One of the more critical steps in any social media marketing strategy is analysis. How do marketers know when their strategy is working, or when specific components need work? Testing and analyzing engagement on LinkedIn helps marketers spot areas of opportunity and better build their community.
In the first four posts of our How to Engage Your Audience on LinkedIn series, you learned to:
- Say Hello,
- Create an effective content mix,
- Foster quality interactions,
- And become a part of the conversation on LinkedIn.
Now, it’s time to learn how to analyze engagement and use these insights to improve your LinkedIn marketing strategy.
LinkedIn Pages and Groups Analytics
LinkedIn offers analytics both for Company Pages and LinkedIn Groups. Groups statistics work a little differently than traditional analytics, in that they are available for all LinkedIn members to view. These insights focus on demographics, growth, and activity.
Analytics for Company Pages cover a range of insights including page views, unique visitors, and demographic information on members who visit the page. This includes member industries, functions, and companies.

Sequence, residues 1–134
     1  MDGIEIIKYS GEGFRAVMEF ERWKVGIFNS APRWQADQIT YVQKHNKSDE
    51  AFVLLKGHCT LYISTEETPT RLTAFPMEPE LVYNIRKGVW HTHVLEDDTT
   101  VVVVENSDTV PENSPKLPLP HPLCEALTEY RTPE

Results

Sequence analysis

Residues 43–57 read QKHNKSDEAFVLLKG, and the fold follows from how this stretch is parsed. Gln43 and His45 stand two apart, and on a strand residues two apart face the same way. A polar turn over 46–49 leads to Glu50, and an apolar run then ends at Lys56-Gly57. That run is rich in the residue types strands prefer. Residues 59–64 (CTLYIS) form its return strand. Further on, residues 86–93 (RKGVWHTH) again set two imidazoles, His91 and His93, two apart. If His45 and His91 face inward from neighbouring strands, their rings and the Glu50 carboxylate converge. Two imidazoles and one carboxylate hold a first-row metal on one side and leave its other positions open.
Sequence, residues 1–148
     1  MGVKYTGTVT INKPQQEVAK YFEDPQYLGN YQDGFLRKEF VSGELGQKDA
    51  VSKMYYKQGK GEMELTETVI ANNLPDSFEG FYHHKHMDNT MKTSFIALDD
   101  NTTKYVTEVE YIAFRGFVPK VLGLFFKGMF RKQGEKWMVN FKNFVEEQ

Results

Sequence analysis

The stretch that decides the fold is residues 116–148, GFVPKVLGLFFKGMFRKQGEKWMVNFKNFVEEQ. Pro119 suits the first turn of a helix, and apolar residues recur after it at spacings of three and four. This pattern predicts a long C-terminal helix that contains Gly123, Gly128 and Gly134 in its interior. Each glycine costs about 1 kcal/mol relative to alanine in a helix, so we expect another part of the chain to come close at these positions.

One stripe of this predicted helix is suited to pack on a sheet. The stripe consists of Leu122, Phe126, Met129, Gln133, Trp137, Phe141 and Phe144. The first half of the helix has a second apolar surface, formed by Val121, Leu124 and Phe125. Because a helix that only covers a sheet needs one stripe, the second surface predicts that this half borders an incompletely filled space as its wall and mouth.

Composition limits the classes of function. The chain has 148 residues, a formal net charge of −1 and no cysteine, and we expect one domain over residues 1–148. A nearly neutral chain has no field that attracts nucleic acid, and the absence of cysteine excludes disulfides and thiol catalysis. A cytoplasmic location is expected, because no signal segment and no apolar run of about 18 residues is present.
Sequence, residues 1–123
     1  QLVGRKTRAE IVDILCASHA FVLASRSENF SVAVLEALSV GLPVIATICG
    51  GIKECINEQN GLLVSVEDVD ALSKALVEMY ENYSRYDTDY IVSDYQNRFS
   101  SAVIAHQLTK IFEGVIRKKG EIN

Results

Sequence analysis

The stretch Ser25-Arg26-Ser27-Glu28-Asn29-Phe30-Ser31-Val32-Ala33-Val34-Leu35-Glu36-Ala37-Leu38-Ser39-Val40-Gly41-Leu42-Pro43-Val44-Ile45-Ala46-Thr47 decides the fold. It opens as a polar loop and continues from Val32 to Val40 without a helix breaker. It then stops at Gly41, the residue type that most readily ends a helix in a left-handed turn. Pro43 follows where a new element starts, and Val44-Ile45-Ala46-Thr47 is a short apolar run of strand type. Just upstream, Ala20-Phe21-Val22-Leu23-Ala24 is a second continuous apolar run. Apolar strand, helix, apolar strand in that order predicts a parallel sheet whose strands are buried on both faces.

Company Page administrators can also see a comparison of how their data compares against that of similar companies. Using LinkedIn analytics to gauge content performance helps marketers understand which content types and topics generate the most interest amongst page followers.
In addition to using LinkedIn Analytics, website analytics can reveal how effective content posted to the LinkedIn Page is at driving traffic to the website. Google Analytics is one of the more popular options that allow marketers to see which visitors arrived from specific websites.
Which LinkedIn Metrics Matter?
Choosing which metrics to use to measure success in social largely depends on the purpose of the campaign and the company’s goals.
If a post is meant to drive traffic to a product page on the website, LinkedIn Analytics will show which members saw, responded to, or interacted with the post. Website analytics can then show how many people visited the website after clicking on the link on LinkedIn. Of course, sales data will show whether the visitor converted to a buyer.
When the goal is to build brand awareness, engagement is a good metric to evaluate. Each post on the Company Page has Like, Comment and Share options for members. Beside each of these options, a counter appears to show the number of people who have liked, commented, or shared. The Analytics tab also shows how people interact with page content.
In a program such as Google Analytics, marketers can also see how long people who visited the website stayed on the page they clicked through to visit. This is a good indication of how the content fit their needs.
Use this data to understand who your followers are and which content performs best with them. Refine your strategy and optimize the conversation based on these insights.
Do you have questions about LinkedIn analytics and how to measure engagement? Share your thoughts in the comments!